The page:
Grenada’s Covid-19 death toll is way over 70, according to a source in the Funeral Home business.
Speaking confidentially to THE NEW TODAY, the source said that figures were released last night from three Funeral Agencies at a high-level meeting involving Health Minister Nickolas Steele, Acting Chief Medical Officer (CMO), Dr. Shawn Charles, Government Officials and Social Partners including several church leaders.
She said that La Qua Funeral home informed the meeting that it had 42 bodies in the controversial refrigerated container brought into use for Covid-19 bodies, Bailey’s Funeral home has another 23 to 25 bodies and Wayne’s Funeral Service a total of two.
La Qua, which is known to be embalming regular dead, did not specify whether the 42 in the container were only bodies due to the virus.
“I would think that it is only Covid bodies that are in the container – the rest of them should be embalmed,” said the source.
The official disclosed that these figures which amount to close to 70 do not include those persons who have already been buried or cremated since the island witnessed a sharp increase in its death toll from a wave of the virus believed to be the delta variant within the past month.
The Dashboard from the Ministry of Health puts the official figure at 46 in its latest bulletin released late Thursday night.
Speculation is rife that the Ministry of Health is only tabulating figures of Covid-19 victims at the St. George’s General Hospital and the Princess Alice Hospital at Mirabeau in St. Andrew.
THE NEW TODAY could not independently confirm reports that one funeral home in the city had dealt with 54 Covid-19 victims including those that have already been disposed of in recent days.
There are reports about a decision taken at the high-level meeting last night to ease the pile up of Covid-19 bodies at funeral homes and to give the go-ahead to Funeral homes to dispose of the bodies within a 72-hour period from the time of Certification from the Ministry of Health.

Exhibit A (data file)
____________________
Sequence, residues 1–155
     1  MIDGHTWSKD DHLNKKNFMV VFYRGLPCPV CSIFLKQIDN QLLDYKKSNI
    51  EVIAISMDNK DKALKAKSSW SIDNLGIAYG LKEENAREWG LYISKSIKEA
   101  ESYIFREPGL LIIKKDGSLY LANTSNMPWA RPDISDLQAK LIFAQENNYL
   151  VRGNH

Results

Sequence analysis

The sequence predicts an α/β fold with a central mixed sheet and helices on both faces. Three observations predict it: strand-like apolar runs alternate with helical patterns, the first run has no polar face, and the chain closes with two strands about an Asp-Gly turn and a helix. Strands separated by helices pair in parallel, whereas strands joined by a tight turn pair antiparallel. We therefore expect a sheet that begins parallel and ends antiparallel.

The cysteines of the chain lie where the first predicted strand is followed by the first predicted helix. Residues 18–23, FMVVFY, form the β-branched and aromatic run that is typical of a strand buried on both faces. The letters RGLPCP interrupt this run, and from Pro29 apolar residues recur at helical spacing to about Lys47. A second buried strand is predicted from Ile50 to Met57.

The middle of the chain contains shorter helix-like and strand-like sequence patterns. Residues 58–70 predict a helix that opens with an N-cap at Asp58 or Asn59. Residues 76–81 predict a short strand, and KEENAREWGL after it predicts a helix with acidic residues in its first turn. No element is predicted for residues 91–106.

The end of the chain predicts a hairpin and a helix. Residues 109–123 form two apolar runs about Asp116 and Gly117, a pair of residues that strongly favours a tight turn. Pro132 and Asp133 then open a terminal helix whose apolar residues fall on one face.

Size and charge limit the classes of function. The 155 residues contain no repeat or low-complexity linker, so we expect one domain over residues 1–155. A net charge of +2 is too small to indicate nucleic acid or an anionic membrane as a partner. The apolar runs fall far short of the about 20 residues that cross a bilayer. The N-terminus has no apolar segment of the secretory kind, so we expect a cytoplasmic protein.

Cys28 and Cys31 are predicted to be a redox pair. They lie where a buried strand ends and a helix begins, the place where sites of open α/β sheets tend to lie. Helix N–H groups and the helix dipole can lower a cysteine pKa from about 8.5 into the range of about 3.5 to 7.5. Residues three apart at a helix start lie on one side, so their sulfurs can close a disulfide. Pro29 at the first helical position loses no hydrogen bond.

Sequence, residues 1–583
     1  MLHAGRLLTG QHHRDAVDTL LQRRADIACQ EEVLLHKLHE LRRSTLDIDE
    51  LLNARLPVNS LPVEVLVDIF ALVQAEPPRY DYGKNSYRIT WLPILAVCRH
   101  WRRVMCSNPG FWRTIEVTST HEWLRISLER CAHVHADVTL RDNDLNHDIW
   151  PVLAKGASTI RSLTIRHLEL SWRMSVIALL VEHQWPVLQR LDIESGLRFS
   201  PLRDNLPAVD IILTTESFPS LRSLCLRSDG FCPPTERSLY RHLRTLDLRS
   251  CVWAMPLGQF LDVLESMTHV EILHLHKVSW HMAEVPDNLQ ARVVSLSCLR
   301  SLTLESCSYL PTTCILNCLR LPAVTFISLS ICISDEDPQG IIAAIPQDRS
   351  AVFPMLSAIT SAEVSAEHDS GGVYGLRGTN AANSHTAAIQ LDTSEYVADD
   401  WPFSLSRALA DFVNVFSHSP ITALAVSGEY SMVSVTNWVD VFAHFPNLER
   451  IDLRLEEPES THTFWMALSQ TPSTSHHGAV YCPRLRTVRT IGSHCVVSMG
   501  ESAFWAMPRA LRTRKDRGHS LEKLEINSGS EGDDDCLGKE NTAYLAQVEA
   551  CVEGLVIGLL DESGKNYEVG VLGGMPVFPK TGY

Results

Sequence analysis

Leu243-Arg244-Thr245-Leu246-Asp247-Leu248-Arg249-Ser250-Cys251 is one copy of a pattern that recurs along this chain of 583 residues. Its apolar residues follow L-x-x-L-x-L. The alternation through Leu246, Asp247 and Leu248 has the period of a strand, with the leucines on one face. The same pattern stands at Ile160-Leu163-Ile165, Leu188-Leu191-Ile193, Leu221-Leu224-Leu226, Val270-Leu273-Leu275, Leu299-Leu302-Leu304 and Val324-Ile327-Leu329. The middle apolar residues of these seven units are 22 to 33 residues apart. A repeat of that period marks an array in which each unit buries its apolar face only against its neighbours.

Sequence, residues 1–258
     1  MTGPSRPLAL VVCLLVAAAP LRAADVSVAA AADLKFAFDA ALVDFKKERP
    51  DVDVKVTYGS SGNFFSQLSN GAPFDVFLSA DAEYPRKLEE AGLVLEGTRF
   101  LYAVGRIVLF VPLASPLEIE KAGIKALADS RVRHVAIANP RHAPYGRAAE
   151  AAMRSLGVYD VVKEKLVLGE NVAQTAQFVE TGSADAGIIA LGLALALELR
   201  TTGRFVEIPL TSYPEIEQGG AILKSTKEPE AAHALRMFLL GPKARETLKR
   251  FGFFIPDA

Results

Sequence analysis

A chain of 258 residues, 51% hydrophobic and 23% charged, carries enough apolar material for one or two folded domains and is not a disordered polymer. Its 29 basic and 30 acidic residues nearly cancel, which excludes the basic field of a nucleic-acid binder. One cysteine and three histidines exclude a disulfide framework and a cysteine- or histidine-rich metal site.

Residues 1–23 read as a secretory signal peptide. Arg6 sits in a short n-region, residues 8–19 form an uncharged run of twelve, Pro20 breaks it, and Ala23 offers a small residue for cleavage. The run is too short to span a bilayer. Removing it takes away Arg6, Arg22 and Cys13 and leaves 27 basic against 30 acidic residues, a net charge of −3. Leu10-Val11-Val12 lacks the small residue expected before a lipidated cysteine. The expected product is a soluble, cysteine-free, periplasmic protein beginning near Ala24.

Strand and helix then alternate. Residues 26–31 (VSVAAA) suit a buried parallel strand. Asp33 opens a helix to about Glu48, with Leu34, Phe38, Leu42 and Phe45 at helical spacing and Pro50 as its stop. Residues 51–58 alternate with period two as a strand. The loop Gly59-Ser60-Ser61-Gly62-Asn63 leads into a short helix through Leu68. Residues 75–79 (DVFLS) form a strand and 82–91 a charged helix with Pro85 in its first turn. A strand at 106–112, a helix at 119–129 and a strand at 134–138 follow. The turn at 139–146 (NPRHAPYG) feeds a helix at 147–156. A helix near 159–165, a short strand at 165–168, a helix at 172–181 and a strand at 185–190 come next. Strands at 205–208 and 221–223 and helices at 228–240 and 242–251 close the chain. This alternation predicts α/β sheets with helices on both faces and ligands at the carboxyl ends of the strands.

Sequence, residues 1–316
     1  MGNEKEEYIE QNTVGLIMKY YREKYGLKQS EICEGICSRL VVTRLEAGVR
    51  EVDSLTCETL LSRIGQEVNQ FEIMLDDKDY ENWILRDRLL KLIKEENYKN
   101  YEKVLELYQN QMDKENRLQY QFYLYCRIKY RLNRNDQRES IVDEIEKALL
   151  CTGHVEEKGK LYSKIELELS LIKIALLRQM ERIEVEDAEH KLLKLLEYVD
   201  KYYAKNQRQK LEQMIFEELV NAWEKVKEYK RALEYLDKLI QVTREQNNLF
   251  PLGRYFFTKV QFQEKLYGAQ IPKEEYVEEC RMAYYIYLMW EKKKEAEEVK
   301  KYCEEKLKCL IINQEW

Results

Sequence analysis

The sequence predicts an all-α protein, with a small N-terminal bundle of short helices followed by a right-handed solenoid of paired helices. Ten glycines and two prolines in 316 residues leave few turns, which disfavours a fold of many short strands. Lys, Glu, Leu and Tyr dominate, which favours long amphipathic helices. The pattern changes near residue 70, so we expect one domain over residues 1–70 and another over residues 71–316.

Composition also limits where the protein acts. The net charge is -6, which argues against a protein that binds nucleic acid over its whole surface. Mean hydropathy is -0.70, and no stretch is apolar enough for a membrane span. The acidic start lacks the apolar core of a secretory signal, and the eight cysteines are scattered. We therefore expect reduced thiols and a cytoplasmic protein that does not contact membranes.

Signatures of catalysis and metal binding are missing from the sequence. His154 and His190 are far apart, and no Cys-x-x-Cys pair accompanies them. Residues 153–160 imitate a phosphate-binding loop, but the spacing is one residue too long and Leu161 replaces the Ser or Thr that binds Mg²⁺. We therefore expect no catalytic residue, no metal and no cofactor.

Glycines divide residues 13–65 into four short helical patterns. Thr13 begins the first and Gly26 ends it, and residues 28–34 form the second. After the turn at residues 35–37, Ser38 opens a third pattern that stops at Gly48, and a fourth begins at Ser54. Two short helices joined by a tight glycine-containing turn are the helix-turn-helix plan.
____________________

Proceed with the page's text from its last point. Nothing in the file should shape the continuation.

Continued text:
The current laws provides for disposal of bodies from infectious diseases within 12 hours.
However, it was reportedly agreed at the meeting that on the grounds of compassion to be shown to the family members of deceased persons who fell to the deadly virus, that a longer period than 12 hours should be given for them to grieve.
According to the source, it was agreed that because “we are compassionate people, we have ethics, we have scruples, the Funeral Directors and Clergy and the ministry have discussed (and came to the conclusion) that we should do it in 72 hours.”
“It (the decision) was ratified by everybody – all stakeholders. It is not written in stone yet, it was discussed last night – this is what we hope will come out of the meeting by Wednesday,” she said.
The source also explained the process used by the Funeral Homes to identify Covid-19 victims at private homes and not those handed over to Funeral Homes from government institutions.
She said that the Royal Grenada Police Force (RGPF) will have an officer present who will assist in identifying whether the person was a victim of the virus.
“…The police will tell us if they have cold and thing – they will do a swab and a rapid test and sometimes the rapid test comes out saying positive.
“I am wondering if that information (is) going back to the Ministry (of Health) at all – I don’t know because their numbers don’t add up at all”.
“We went for a dead yesterday and the family told us the person had Covid, so they probably was tested and sent home and died – so the government needs to fix their statistics where that is concerned.”
The Acting CMO, Dr. Charles has described the current Covid-19 situation in Grenada as a “National Disaster” and predicted that within the next two weeks the number of persons who could be infected with the deadly virus could be half the population of 110, 000 in the country.